Later, on a warship, the journalists will take part in simulated conflict operations a call to general quarters and how to abandon ship.

The first group of up to 58 reporters were notified last week by deputy Pentagon spokesman Bryan Whitman that they are "required to report to Pentagon" at 7 a.m. tomorrow (that's 0700, in military time).

A-12 impasse
The U.S. government has failed to resolve the dispute over the canceled A-12 jet fighter-bomber. The U.S. Navy in September sought $3 billion from General Dynamics and Boeing for past bills on the jet deal.

The companies then countered with an offer of about $1 billion to settle the dispute. The Bush administration turned down the proposal, but then said it would take $1.9 billion which the companies rejected. It now appears the matter will stay in the courts for years to come.

Mad as a hornet
The Navy's newest warplane, the F-18E Super Hornet, made its combat debut, U.S. Central Command said this week.

A Super Hornet off the carrier USS Abraham Lincoln dropped satellite-guided bombs on two air-defense targets in Iraq's southern no-fly zone on Nov. 6. The Lincoln recently arrived in the Persian Gulf and will participate in a military invasion to topple Iraqi leader Saddam Hussein if President Bush gives the order.

"In response to hostile acts against coalition aircraft monitoring the southern no-fly zone, Operation Southern Watch aircraft, including the Super Hornets from the Abraham Lincoln, used precision-guided weapons to target two surface-to-air missile systems (SAM), and a command and control communications facility," a command statement said.

The SAM systems sat near al Kut, 100 miles southeast of Baghdad. The command facility was near Tallil, about 160 miles southeast of Baghdad.

Defense Secretary Donald H. Rumsfeld has ordered U.S. commanders to more aggressively respond to Iraqi air-defense threats by not only bombing air-defense batteries, but also the command center that directs them.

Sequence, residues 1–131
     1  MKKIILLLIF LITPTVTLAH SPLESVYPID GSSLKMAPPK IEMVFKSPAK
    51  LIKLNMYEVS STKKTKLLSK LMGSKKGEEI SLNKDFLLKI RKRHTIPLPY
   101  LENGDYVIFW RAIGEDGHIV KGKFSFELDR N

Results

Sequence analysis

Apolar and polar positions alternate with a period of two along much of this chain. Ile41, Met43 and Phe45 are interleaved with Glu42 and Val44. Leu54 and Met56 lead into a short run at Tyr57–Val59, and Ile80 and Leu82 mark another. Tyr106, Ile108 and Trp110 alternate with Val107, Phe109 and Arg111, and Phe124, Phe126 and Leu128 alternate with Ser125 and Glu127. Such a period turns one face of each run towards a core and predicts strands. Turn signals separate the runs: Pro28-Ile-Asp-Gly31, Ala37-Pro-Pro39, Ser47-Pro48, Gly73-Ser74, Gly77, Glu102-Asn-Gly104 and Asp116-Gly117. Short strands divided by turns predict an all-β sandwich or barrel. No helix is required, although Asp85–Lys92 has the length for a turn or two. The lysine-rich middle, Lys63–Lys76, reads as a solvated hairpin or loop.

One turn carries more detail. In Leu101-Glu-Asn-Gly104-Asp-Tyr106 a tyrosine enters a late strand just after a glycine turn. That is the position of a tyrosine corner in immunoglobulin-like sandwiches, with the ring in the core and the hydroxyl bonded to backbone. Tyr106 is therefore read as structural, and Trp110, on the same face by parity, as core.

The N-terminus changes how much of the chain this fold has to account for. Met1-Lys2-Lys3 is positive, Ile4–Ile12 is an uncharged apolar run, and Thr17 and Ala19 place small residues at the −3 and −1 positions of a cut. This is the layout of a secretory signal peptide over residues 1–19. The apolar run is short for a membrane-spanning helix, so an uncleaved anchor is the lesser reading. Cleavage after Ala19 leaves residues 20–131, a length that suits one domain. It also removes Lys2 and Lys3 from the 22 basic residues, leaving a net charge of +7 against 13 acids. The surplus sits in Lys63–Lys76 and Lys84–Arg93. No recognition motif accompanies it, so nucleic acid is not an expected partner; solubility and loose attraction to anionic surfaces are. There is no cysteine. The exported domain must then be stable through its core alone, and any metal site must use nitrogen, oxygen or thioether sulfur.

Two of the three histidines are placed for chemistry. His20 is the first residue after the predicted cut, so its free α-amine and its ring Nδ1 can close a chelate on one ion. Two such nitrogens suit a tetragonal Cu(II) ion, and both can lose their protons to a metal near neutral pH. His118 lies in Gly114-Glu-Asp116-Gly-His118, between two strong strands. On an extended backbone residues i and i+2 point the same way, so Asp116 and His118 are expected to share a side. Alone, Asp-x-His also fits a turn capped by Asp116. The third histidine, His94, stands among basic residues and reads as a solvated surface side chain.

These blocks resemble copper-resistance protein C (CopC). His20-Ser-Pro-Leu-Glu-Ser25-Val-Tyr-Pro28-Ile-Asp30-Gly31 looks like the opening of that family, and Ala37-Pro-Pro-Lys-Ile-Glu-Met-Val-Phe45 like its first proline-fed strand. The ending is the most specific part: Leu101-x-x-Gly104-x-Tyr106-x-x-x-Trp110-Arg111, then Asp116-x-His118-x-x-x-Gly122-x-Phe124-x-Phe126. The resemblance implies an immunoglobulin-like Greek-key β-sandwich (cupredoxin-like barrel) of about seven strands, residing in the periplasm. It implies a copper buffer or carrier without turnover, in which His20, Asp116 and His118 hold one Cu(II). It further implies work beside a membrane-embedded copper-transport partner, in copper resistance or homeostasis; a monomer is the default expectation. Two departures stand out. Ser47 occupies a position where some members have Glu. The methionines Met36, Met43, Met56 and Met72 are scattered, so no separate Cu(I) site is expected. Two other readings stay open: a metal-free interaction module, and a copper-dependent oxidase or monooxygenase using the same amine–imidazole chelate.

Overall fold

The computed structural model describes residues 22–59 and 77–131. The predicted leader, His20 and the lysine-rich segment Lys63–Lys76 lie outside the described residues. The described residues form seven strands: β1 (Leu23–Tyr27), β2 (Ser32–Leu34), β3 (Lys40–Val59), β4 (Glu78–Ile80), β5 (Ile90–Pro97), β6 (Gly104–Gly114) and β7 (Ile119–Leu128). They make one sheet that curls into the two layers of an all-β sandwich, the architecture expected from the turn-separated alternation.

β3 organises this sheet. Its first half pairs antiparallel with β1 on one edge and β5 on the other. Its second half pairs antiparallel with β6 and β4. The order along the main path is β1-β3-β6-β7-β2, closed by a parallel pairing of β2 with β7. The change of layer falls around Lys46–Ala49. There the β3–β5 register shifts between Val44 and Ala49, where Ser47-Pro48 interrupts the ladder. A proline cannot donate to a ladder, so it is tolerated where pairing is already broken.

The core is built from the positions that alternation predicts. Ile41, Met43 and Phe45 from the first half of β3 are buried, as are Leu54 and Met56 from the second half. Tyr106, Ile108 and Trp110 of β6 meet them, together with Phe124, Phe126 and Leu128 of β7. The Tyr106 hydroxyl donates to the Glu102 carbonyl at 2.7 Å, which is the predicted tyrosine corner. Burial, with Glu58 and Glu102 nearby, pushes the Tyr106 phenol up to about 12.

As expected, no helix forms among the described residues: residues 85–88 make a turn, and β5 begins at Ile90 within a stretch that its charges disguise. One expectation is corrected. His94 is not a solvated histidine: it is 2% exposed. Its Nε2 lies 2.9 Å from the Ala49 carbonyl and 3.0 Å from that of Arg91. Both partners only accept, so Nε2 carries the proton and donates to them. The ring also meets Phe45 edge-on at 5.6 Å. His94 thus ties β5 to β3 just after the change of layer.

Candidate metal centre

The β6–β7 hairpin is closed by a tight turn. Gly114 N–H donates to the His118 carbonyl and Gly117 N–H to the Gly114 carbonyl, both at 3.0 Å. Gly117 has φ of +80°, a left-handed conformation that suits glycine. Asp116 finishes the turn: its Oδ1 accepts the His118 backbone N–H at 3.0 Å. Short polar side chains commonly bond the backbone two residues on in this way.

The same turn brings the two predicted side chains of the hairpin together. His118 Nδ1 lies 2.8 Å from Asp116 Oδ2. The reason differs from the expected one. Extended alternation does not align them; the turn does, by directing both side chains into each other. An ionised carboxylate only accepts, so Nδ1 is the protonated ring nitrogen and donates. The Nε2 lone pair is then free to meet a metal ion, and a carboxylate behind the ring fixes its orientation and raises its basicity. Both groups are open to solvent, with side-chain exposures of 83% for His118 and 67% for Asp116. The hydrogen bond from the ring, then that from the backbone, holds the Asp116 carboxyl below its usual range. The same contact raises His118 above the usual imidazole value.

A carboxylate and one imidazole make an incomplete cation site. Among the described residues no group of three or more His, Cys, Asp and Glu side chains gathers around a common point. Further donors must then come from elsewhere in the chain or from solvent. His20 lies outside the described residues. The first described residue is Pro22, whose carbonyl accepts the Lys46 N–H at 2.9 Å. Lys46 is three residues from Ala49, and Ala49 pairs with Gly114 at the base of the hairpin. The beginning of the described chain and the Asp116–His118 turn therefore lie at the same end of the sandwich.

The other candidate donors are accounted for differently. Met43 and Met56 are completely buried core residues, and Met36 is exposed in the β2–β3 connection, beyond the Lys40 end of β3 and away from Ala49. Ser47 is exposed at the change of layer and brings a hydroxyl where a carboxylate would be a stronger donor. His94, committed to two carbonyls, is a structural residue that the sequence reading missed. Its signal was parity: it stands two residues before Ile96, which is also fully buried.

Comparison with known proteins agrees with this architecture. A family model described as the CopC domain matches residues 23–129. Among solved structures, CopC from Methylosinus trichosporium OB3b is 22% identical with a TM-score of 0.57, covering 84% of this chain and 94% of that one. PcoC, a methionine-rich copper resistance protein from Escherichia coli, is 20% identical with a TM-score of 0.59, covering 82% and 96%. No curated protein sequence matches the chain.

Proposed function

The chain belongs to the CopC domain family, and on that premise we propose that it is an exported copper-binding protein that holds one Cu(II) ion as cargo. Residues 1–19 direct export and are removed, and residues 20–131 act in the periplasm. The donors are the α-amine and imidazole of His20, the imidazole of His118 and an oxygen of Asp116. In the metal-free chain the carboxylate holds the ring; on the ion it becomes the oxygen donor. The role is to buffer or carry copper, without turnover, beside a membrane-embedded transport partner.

The rationale is simple: Why not destroy them now rather than wait for a war?

Comanche survives
Army officials are growing increasingly optimistic that their prized Comanche helicopter will survive an ongoing Pentagon budget review. The Army already has lost the Crusader artillery system to Mr. Rumsfeld's military-reform movement. The Comanche, a behind-schedule program to build a new scout/attack chopper, seemed next on the list.

But Army officials are getting signals from Mr. Rumsfeld's staff that it will survive.

"We learned from the Crusader experience to be fully engaged with OSD [Office of the Secretary of Defense]," said one official. "We have learned our lesson."

CIA booster
The CIA got beaten up pretty good on Capitol Hill as a special committee looks to assign blame for the September 11 attacks.

So it was a welcome sight at Langley recently when Vice President Richard B. Cheney showed up to congratulate the directorate of the intelligence branch on its 50th birthday.

"The president and I want you to know that your work is not taken for granted and neither are you," Mr. Cheney told the analytical branch. "Your achievements may not be widely known, but some of us do know, and we are in a position to express gratitude, not just for helping us do our jobs, but for doing your own jobs so well and reflecting great credit on the United States."

Before Mr. Cheney's visit, the CIA was privately celebrating the killing of a top al Qaeda leader in Yemen by an agency-operated Predator drone.

  • Bill Gertz and Rowan Scarborough are Pentagon reporters. Gertz can be reached at 202/636-3274 or by e-mail at bgertz@washingtontimes.com. Scarborough can be reached at 202/636-3208 or by e-mail at rscarborough@washingtontimes.com.